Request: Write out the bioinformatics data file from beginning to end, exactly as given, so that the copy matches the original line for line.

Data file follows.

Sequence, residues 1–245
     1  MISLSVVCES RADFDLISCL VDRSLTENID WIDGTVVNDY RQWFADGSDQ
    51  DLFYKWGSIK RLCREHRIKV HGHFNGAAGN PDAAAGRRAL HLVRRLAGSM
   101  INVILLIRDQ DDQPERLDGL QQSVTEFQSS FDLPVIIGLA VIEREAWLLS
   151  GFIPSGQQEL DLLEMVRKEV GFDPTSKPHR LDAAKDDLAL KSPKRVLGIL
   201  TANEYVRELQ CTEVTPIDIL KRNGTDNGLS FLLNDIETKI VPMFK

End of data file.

Sequence, residues 1–245
     1  MISLSVVCES RADFDLISCL VDRSLTENID WIDGTVVNDY RQWFADGSDQ
    51  DLFYKWGSIK RLCREHRIKV HGHFNGAAGN PDAAAGRRAL HLVRRLAGSM
   101  INVILLIRDQ DDQPERLDGL QQSVTEFQSS FDLPVIIGLA VIEREAWLLS
   151  GFIPSGQQEL DLLEMVRKEV GFDPTSKPHR LDAAKDDLAL KSPKRVLGIL
   201  TANEYVRELQ CTEVTPIDIL KRNGTDNGLS FLLNDIETKI VPMFK